We have: ground black pepper, salt, distilled vinegar (not malt, not cider), tomato ketchup, hot sauce, crushed chili flakes, light brown caster sugar, apple juice. Please note the potato scones are not part of the recipe. I combined the ingredients in the quantities suggested by the recipe, but it was just too vinegary for me. So I sweetened it up with a bit more ketchup, sugar and some honey. The end result was a sweeter tasting sauce with a vinegar and chili kick. Perfect. And here it is here:

If you’re still reading after all that, congratulations. But this is about food after all, and the reason we make  great food is to eat it. So here’s what I had for dinner:

I think what we have here is technically fusion cuisine. Carolina pulled pork and barbecue sauce, on top of the king among breads…the Scottish morning roll. The coleslaw may seem an odd touch, but it’s quite a common accompaniment in the States so what the hell. It tasted great.

Conclusion

I had no huge expectations, but it seems you can get really great results out of the crappiest equipment. I’ll definitely be smoking food again, although I’m left with the slightly uneasy feeling that this has all been a tremendous fluke and it’ll end in disaster next time. If it does, you can read about it here.

P.S.

The first hour that the shoulder was on the grill I tossed in a couple of salmon fillets that I had brined the night before. Glazed with honey in a little water and topped with some dark brown sugar. They turned out stupidly good.

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First Go At Pulled Pork – Prep

Nothing says “barbecue” like pork shoulder, cooked low and slow and bathed in sweet, sweet smoke. First up…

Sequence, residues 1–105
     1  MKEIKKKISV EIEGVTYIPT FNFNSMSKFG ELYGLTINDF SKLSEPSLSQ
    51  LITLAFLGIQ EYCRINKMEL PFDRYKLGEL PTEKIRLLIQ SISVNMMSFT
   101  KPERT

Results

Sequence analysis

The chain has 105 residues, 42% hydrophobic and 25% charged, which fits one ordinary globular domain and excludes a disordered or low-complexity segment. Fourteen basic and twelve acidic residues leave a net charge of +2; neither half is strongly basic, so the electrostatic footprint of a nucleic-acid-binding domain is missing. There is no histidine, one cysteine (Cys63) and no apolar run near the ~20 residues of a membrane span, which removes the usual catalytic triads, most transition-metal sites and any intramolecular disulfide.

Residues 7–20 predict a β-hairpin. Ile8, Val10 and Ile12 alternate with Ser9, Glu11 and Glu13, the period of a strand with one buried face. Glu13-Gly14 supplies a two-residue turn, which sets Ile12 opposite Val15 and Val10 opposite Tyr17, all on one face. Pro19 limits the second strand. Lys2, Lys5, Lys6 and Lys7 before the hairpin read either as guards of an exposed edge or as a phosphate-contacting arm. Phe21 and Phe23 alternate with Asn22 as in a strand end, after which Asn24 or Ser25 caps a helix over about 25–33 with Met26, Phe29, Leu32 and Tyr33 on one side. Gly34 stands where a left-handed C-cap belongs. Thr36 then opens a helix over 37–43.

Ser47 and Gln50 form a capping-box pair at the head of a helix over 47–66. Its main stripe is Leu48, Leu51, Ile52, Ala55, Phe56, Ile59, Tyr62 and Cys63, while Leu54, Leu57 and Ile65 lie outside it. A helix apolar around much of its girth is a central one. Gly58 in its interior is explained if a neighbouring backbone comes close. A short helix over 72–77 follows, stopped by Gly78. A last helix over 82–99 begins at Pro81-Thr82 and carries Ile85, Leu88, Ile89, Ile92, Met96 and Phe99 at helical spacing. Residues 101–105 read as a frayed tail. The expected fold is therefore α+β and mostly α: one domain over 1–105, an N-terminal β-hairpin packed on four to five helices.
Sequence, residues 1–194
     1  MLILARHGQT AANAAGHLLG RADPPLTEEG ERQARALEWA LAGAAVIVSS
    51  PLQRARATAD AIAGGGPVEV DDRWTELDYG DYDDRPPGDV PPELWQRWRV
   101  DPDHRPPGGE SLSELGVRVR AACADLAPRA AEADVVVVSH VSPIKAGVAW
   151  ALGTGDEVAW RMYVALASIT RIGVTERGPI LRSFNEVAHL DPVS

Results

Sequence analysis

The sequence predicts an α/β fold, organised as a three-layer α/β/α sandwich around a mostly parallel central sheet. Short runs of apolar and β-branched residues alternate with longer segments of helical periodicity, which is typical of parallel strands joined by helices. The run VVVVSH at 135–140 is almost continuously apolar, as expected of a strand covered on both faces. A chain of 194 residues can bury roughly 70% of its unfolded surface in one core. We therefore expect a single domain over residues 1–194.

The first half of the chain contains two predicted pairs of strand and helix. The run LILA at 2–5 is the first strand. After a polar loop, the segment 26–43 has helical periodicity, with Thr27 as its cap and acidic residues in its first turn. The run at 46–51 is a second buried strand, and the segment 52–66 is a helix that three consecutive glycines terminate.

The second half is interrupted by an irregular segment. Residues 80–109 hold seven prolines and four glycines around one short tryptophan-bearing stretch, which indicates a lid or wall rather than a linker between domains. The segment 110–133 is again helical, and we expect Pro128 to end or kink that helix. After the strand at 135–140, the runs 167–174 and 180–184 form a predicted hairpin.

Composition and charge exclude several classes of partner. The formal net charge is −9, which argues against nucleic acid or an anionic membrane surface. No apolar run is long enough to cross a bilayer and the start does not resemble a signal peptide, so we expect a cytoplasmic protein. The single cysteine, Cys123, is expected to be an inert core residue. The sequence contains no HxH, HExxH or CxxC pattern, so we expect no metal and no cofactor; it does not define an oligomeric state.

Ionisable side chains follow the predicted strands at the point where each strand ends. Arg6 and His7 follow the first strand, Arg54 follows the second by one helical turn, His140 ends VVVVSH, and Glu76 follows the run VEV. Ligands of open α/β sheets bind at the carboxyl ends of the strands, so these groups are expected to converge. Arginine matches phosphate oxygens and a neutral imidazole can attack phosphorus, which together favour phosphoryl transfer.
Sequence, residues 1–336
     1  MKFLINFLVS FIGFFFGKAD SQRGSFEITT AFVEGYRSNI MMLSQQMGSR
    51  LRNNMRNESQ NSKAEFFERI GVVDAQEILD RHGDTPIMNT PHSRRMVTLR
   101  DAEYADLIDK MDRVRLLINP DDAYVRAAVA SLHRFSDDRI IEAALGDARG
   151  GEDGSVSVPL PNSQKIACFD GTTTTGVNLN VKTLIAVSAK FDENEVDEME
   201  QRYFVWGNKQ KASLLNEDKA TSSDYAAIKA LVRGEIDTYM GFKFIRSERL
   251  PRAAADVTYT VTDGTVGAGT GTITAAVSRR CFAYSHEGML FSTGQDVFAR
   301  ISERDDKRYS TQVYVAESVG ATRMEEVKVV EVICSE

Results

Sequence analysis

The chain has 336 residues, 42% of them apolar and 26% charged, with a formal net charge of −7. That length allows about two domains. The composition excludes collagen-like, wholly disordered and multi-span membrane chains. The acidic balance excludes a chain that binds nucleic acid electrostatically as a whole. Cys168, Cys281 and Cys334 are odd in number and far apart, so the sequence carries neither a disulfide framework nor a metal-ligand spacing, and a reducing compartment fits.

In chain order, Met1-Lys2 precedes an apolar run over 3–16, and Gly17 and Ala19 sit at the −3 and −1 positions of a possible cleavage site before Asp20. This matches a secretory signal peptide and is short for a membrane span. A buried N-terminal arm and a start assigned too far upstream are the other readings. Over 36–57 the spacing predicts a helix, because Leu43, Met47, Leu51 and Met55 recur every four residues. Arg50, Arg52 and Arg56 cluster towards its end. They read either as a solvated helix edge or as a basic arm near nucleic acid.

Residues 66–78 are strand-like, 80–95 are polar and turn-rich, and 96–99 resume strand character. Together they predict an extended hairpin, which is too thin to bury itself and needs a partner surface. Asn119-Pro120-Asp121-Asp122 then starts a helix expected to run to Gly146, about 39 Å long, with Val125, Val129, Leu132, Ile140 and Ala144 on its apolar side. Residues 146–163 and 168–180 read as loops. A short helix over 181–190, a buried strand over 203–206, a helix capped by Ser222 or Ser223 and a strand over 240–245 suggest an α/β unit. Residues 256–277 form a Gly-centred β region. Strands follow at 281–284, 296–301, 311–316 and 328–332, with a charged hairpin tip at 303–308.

The Meat

For this barbecue staple we first need to acquire what the Americans call a “pork butt”. This might take some explanation. The pork butt or Boston butt as it’s known isn’t from the rear of the animal. It’s the shoulder i.e. the part where the front leg connects. Pork butt means bugger all to your average British butcher so that might explain how I’ve ended up with this:

I explained what I wanted over the phone, but something obviously got lost in translation. What I wanted was a pork shoulder, hough removed, squared with the blade bone in. I seem to have been sold the pork loin end of the shoulder, because what you’re looking at there is a pork spare rib chop joint. Not a good start but we’ll persist. I removed the bone and trimmed the sinew away to leave exposed meat. Now it’s time for…

The Rub

I’m a barbecuing novice, so I’ve decided to follow the sage advice of the amazing Meathead, whose website http://www.amazingribs.com is packed full of a lifetime of barbecue experience. With that in mind I’ve decided to use his Memphis Dust. Here’s what we have:

Rosemary, onion granules, garlic powder, rock salt, ginger powder, paprika, black pepper, dark brown sugar and ordinary white granulated sugar.

Once it’s mixed together it looks a bit like this:

Rub it onto the meat. I’ve not used too much, just enough to coat the meat really, as per Meathead’s instructions. Once the rub adheres you see why. It reacts with the moisture in the meat and becomes a paste. Into some clingfilm it goes:

And when I get up tomorrow morning I should have some beautifully marinated meat.